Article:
For those who wish to sleep in or relax before Sunday worship, Radcliff United Methodist Church now is holding evening drive-in services in the church’s parking lot.
Starting this Sunday, these 7 p.m. services will replace the church’s morning drive-in events. According to pastor Tony Franklin, morning drive-in services started taking place at the church in June to provide a sense of fellowship among church members amid the COVID-19 pandemic.
In addition to catering to those who wish to attend church later, Franklin said the time change also allows for longer drive-in services because the summer heat will be less of an issue.
“We’re hoping that starting at 7, we won’t have as much of a hard cut-off,” he said.
During drive-in services at the church, attendees can listen to the broadcast by tuning into radio frequency 92.3 FM in their vehicles.
According to church music minister Christine Carman, Sunday’s drive-in service will include opening praise, greetings, an opening prayer, songs of preparation, scripture readings, a message, a closing song and a benediction.
During the service, attendees are encouraged to greet each other by honking their horns. Those interested in attending a drive-in service are asked to enter the church’s parking lot through State Street.
Attendees will be greeted by ushers who will provide supplies for communion and will guide them to their parking spaces. Attendees are asked to remain in their vehicles throughout the course of the service.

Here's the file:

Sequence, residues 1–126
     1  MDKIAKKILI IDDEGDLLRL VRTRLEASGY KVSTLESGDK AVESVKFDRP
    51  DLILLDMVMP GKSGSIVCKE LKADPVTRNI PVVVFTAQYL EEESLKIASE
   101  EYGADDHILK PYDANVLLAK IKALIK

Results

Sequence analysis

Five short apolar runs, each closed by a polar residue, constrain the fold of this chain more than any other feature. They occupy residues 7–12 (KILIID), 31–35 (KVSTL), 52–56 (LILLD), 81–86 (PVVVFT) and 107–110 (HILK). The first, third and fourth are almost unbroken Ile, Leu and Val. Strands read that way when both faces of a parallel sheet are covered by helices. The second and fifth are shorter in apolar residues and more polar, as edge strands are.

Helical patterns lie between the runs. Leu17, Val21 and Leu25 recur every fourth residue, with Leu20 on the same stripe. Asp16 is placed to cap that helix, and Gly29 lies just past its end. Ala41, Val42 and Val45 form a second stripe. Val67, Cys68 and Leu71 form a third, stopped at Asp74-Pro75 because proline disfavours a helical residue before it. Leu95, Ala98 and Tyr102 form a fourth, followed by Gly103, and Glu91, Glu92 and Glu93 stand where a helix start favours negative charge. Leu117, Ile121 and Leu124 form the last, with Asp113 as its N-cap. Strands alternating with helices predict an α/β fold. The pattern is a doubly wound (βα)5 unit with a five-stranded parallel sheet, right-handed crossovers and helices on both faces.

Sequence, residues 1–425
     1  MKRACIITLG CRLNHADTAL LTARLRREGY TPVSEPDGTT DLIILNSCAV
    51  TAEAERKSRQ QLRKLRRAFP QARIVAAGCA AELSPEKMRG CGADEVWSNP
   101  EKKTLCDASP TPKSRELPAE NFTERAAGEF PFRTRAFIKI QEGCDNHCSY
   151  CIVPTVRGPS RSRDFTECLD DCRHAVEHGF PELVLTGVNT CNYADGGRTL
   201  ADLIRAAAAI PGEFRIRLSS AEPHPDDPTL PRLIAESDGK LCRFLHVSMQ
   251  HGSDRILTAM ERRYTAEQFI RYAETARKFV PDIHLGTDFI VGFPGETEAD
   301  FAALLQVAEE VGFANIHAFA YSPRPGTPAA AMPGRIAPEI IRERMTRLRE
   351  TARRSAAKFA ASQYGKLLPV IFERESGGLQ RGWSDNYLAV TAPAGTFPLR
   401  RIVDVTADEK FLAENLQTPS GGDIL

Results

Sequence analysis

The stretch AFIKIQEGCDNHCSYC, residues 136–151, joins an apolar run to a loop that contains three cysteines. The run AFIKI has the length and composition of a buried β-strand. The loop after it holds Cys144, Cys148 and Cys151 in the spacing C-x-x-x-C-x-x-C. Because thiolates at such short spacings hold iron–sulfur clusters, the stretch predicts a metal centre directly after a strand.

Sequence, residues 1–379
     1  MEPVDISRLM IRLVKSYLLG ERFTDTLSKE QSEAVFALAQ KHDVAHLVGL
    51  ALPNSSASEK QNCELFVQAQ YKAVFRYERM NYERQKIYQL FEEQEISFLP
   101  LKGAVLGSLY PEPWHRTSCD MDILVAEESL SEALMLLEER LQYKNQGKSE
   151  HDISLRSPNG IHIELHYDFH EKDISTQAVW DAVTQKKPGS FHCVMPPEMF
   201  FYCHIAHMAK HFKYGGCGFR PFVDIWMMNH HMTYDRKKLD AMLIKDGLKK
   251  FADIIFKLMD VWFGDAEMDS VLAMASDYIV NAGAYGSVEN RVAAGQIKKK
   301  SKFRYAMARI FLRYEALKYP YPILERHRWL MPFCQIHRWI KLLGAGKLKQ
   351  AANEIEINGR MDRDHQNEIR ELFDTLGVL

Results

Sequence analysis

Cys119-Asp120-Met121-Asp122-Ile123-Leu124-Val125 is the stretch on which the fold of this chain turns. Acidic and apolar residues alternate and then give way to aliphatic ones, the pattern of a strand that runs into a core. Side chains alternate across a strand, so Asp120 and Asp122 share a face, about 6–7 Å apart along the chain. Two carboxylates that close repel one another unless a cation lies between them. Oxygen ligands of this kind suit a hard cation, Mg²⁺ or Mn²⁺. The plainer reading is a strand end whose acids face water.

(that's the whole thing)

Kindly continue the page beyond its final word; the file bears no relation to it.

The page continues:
In addition to drive-in services, the church will continue broadcasting online services at 11 a.m. Sundays.
Since the start of the pandemic, the church has heavily relied on technology to engage with the congregation. This has included online church services, group meetings by teleconferencing and expanded usage of social media to provide Bible verses and worship music.
“We have stuff online just about every day of the week,” Franklin said.
Franklin said the church sees the drive-in services as a transitional program before in-person services are again made available.
“It’s a chance for people to get out in their cars and wave at each other, honk and see each other sort of in-person,” he said.